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EVRY Sale Upcoming?

EVRY has announced that it is considering strategic opportunities including a sale. EVRY is in theory an attractive target: the company has a sizable presence in a region with short- to mid-term growth potential:

  • It is the largest IT service vendor in Norway ($1bn in revenues, excluding its financial services unit). Norway, with an economy that is heavily influenced by oil & gas exports, has good long-term growth prospects
  • It is also significant in Sweden (~$530m in revenues).  Sweden is a cyclical country but offers high short-to mid-term growth potential and higher margins than many Continental European countries
  • The company also has a sizable business in financial services (~$575m in revenues), where it provides mostly IT infrastructure management and banking services, largely in Norway. Its financial services unit has been a solid growth engine for EVRY with a 7% average revenue growth since Q1 2011.

EVRY has failed to thrive in recent years. This is partly due to its heritage: EVRY is the former EDB Business Partner that was a captive of Telenor. EDB has grown by acquisitions, including those of two other very significant captives in Norway:

  • ErgoGroup, a subsidiary of Norgen Posten (Norway Post) in 2010
  • IS Partner, the captive of Statoil-Hydro, in 2008.

Facing competition from much larger competitors (including Tieto,WM-Data/Logica/CGI, IBM, CSC and HP), EDB was looking to scale rapidly, to address large deals and secure existing relationships.

However, this approach has also increased the dependency of EVRY on several key contracts with its largest clients: Telenor, Norgen Posten, Statoil and Hydro. Unsurprisingly, following the sale of their captives, EVRY's key clients have reduced their spending with EVRY over time, and opened up to other vendors e.g. Telenor to Accenture, CSC, Tieto, and TCS; Norway Post in 2013 to TCS and Capgemini; Statoil to HCL, Capgemini and Fujitsu.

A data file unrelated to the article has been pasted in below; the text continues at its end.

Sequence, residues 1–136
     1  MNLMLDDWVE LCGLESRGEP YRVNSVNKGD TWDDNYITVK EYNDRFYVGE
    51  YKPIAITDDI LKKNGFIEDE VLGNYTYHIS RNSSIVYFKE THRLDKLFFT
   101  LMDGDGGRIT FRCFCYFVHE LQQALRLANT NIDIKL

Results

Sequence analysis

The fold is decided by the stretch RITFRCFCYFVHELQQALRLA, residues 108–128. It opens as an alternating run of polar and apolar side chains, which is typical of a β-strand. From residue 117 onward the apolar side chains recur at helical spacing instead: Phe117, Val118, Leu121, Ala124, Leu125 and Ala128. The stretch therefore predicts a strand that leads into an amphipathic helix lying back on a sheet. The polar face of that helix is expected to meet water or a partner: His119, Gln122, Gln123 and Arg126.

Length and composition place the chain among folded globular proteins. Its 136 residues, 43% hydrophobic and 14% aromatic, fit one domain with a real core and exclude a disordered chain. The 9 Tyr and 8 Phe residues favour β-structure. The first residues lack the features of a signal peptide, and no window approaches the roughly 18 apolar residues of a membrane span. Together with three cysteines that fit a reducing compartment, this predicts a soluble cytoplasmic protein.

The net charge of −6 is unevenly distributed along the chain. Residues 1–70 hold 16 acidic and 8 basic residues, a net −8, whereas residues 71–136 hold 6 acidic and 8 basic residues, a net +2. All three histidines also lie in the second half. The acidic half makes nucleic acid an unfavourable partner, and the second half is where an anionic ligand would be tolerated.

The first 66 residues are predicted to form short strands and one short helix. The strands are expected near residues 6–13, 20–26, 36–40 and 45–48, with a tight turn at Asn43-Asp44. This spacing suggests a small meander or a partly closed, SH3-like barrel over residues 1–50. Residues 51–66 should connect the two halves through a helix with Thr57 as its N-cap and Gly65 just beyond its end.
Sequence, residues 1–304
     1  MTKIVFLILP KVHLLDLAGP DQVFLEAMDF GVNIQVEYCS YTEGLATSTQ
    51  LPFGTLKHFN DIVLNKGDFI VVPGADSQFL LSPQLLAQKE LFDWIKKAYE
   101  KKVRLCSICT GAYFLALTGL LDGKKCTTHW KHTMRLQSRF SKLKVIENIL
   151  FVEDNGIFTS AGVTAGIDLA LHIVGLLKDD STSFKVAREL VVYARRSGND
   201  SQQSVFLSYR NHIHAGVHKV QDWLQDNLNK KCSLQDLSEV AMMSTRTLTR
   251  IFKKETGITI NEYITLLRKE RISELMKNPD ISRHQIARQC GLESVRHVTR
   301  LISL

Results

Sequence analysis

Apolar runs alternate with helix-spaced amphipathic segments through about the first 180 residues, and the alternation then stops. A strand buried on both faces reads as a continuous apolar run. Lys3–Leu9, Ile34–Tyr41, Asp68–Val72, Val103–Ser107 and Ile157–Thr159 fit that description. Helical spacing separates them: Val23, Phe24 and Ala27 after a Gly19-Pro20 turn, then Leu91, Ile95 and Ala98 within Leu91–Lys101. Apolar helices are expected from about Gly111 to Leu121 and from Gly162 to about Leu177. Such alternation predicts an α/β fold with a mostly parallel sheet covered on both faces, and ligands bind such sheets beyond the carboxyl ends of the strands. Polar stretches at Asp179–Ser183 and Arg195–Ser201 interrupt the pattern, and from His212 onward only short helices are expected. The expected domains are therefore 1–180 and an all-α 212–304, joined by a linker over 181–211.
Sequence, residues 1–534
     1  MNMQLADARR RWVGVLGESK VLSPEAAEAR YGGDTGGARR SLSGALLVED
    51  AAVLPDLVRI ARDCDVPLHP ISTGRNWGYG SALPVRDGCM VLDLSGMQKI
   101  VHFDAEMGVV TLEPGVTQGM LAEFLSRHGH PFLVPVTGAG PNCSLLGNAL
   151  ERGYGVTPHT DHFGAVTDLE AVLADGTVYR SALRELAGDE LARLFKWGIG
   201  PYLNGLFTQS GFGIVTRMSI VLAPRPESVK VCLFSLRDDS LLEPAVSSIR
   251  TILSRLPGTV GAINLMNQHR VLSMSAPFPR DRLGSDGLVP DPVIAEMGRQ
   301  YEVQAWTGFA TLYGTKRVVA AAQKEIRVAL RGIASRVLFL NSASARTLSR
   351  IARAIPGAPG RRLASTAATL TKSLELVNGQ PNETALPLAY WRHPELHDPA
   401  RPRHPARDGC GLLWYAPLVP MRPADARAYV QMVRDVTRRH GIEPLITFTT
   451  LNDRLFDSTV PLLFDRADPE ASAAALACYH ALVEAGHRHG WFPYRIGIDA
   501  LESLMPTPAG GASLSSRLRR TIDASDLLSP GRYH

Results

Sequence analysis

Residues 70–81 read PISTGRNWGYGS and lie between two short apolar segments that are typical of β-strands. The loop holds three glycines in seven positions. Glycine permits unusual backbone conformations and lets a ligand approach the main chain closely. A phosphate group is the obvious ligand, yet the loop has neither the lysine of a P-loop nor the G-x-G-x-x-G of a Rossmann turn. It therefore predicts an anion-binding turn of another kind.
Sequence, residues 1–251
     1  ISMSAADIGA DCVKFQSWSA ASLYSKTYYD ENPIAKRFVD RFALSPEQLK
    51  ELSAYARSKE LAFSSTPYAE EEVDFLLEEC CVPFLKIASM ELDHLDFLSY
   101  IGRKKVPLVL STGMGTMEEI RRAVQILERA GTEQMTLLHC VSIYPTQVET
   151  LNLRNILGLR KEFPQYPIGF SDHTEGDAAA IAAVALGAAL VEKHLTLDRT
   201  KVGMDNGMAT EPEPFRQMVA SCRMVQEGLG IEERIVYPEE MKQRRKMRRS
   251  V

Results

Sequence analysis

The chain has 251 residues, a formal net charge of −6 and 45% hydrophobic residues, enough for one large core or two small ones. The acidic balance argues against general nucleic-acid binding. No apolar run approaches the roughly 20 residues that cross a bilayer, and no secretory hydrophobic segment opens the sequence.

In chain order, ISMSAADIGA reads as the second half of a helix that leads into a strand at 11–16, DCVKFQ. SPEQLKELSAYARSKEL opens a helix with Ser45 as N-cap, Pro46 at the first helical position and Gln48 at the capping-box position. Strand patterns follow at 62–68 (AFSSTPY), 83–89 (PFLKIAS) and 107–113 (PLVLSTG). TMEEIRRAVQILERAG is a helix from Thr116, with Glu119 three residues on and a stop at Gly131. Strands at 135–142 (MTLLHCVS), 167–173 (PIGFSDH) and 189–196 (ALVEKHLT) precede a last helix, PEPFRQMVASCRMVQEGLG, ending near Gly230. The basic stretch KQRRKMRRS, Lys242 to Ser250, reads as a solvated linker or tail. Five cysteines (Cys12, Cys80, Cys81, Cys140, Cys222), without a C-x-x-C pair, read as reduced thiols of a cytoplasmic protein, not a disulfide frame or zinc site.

In addition, EVRY has also been heavily impacted by increasing competition from Indian vendors. Recent examples include DNB, a key historical client of EVRY (HCL: 2014, ~$400m), Volvo Car Group (Tech Mahindra and Infosys in 2014), SAS (TCS, in 2013).

The consequence is that EVRY’s  revenues have stagnated at around NOK 12bn since its acquisition of ErgoGroup and its margins have taken a hit: EVRY's EBIT margin in 2013was below 1%, a consequence of continued restructuring.

So who are the likely buyers? First and foremost, those companies that will not be shy of further restructuring: this could be the case with:

  • Equity funds. EQT, and then Advent International have owned the largest standalone IT services vendor in Denmark, KMD. Another potential buyer is German equity AURELIUS, the owner of Getronics
  • Atos, with its €830m net cash position (as of June 2014, on a pro-forma basis) is also a potential buyer. Its strategy continues to be acquisitive. EVRY would fill a gap in Atos’ presence in Northern European. Northern Europe is second to the U.S. in terms of priority
  • Tieto has the financial strength to buy, with a market cap of €1.5bn. Its net debt is minimal (~€30m). It could therefore fund the acquisition of EVRY (market cap of ~$670m, up 30% since the announcement). Tieto aligns with EVRY in terms of geographies: roughly-speaking, Tieto has a ~$1.1bn business in Finland and a ~$750m business in Scandinavia, the vast majority of this in Sweden. A combined Tieto/EVRY entity would have a balanced $1bn business in each of Finland, Sweden and Norway. And Tieto has indicated that its priority in the very short-term remains the Nordics.

We believe that far less likely are the following:

  • Indian vendors: they clearly have the cash to fund the acquisition of EVRY and some have the Nordics as a priority region within Continental Europe. But the impact on their operating margin would be very dilutive and require a more complex integration than any Indian vendor has taken to date (EVRY has a headcount of 10k)
  • CGI: its preference is growth in the U.S. commercial market, and it is less interested in IT infrastructure management services. The same is true for Capgemini
  • Finally, HP, IBM, CSC and T-Systems are more focused on growing their cloud infrastructure services businesses.

And of course, following the strategic review, EVRY may decide that a sale is, after all, not in the best interests of its shareholders. 

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